Source: Clinical and Experimental Rheumatology. November 22, 2012. By E.G. Klaer-Krol, M.J. Zwarts, P.M. Ten Klooster, and J.J. Rasker. Department of Neurology and Clinical Neurophysiology, Functie Afdeling, Hospital Group Twente ZGT, Hengelo, The Netherlands. E-mail: eklaver@planet.nl.





Post a Comment

Featured Products From the ProHealth Store
Ultra ATP+, Double Strength Hydroxocobalamin Extreme™ B-12 Extreme™


Article Comments Post a Comment

Interesting, but>>>
Posted by: IanH
Dec 3, 2012
They should have reported the association between the conduction velocity with the muscle fibre diameter because these two are highly correlated. They are also correlated INDEPENDENT of the underlying neuromuscular pathology. I would expect that this would also apply to fibromyalgia.

With a cohort size of 13X13 it could be that the real difference is fibre diameter not the fact that subjects have FM. However it may be that subjects with FM generally have greater muscle fibre diameter in key pain areas. We just don't know.
Reply Reply

yet more evidence of muscle dysfunction
Posted by: roge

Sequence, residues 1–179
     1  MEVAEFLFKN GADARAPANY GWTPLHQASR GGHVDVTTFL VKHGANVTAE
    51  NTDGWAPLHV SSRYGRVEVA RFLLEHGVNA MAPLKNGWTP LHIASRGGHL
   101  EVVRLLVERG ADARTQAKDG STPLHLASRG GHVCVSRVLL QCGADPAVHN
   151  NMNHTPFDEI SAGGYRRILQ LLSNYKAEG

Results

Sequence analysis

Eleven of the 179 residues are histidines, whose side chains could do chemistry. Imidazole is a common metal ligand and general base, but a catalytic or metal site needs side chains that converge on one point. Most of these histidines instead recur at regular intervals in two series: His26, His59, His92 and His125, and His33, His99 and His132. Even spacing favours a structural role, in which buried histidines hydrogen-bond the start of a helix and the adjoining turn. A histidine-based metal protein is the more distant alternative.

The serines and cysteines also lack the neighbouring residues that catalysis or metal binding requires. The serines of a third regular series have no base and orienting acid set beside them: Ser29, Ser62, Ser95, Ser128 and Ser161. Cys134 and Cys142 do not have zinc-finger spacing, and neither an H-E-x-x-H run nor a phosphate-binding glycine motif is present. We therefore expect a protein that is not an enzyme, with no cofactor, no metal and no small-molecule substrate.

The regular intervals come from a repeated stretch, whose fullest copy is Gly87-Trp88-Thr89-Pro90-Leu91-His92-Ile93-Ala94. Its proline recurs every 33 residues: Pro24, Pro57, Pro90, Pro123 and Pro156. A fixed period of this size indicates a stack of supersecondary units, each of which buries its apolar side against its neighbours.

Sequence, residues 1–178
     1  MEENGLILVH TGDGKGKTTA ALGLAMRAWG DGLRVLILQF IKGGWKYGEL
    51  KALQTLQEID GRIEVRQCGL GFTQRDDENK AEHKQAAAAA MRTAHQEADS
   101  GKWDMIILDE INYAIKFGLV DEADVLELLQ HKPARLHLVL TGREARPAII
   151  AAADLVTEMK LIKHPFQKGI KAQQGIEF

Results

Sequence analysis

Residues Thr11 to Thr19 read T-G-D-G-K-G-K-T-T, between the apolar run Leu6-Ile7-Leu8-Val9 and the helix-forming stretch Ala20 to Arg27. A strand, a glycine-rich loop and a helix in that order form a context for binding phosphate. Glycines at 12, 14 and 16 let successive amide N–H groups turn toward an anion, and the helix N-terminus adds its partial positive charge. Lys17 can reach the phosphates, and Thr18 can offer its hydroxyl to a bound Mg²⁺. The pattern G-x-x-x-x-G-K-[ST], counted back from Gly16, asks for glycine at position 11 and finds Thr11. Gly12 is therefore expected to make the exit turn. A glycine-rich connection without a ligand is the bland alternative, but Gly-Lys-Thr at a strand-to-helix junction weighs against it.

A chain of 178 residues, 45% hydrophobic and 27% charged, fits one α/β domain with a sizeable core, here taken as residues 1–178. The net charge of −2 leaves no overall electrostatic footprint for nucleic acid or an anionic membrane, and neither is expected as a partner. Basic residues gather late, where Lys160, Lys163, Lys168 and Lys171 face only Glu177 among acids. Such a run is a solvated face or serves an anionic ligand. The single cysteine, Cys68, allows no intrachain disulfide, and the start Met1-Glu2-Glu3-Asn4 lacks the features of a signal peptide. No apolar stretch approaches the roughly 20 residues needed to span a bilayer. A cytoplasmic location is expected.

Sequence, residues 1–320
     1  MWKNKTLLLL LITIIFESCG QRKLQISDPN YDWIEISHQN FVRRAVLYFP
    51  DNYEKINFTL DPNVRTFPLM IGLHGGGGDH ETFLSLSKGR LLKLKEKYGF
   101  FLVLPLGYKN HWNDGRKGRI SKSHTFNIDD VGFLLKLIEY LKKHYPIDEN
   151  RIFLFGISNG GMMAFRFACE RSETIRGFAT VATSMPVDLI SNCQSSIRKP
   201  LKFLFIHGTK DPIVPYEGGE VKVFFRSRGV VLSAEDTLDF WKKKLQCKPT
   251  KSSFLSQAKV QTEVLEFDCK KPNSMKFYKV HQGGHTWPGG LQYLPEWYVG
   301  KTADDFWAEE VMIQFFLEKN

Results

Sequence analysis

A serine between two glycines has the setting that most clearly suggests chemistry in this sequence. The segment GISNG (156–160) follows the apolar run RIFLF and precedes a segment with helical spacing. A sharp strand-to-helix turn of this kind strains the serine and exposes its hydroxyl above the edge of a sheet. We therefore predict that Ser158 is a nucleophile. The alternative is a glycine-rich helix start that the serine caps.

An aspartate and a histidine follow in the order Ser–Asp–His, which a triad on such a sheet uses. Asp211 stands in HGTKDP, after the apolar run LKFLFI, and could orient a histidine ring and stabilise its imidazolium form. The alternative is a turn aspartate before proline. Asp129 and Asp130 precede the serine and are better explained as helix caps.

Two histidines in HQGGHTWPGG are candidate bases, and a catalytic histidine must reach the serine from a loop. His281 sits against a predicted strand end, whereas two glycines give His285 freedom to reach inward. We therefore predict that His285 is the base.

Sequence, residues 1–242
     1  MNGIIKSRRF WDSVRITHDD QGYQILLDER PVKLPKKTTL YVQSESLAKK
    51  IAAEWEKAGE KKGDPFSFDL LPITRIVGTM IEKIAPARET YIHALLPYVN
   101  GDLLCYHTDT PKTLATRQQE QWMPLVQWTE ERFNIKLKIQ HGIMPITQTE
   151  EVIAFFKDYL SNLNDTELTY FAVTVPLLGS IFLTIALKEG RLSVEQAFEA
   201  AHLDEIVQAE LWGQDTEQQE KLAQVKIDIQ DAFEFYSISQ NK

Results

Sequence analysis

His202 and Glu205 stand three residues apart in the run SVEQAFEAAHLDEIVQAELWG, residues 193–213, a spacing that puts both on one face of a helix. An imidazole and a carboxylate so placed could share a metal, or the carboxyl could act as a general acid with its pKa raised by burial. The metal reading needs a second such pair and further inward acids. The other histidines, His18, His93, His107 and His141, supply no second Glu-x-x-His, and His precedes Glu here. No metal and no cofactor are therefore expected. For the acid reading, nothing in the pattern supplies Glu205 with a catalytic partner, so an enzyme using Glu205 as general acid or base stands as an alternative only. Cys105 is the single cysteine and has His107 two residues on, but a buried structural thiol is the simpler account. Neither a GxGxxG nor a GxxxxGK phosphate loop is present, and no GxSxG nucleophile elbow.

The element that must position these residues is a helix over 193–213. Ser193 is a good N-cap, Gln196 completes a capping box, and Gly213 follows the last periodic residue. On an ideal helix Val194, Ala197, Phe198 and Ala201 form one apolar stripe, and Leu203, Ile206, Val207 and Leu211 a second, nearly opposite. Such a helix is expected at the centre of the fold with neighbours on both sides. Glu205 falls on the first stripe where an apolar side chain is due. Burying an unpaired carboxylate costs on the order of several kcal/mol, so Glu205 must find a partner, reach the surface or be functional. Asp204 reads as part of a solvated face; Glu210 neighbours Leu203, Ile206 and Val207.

Dec 6, 2012
but we have been led to believe there isnt any - bunch of balony - it has been clear for 30 years, there is muscle dysfunction in FM and so glad we are finally seeing research in this area.
Reply Reply
 
Natural Pain Relief Supplements

Featured Products

MitoQ® MitoQ®
Powerful Antioxidant Support to Mitochondria
Mitochondria Ignite™ with NT Factor® Mitochondria Ignite™ with NT Factor®
Reduce Fatigue up to 45%
Hydroxocobalamin Extreme™ Hydroxocobalamin Extreme™
The B-12 Your Brain Needs for Detox & Sharpness
Energy NADH™ 12.5mg Energy NADH™ 12.5mg
Improve Energy & Cognitive Function
Ultra ATP+, Double Strength Ultra ATP+, Double Strength
Get energized with malic acid & magnesium

Natural Remedies

Fight Inflammation and Promote Cognitive Health with High-OPC Grape Seed Fight Inflammation and Promote Cognitive Health with High-OPC Grape Seed
Clinically Studied Joint Relief Product for FM & ME/CFS Clinically Studied Joint Relief Product for FM & ME/CFS
Sunshine Vitamin Has D-lightful Health Benefits Sunshine Vitamin Has D-lightful Health Benefits
Front Line Defense Against Colds & Flu - Support for Healthy Immune System Balance Front Line Defense Against Colds & Flu - Support for Healthy Immune System Balance
Guarding Against the Dangers of Vitamin D Deficiency Guarding Against the Dangers of Vitamin D Deficiency

CONTACT US
ProHealth, Inc.
555 Maple Ave
Carpinteria, CA 93013
(800) 366-6056  |  Email

· Become a Wholesaler
· Vendor Inquiries
· Affiliate Program
SHOP WITH CONFIDENCE
Credit Card Processing
SUBSCRIBE TO OUR NEWSLETTERS
Get the latest news about Fibromyalgia, M.E/Chronic Fatigue Syndrome, Lyme Disease and Natural Wellness

CONNECT WITH US ProHealth on Facebook  ProHealth on Twitter  ProHealth on Pinterest  ProHealth on Google Plus

© 2016 ProHealth, Inc. All rights reserved. Pain Tracker App  |  Store  |  Customer Service  |  Guarantee  |  Privacy  |  Contact Us  |  Library  |  RSS  |  Site Map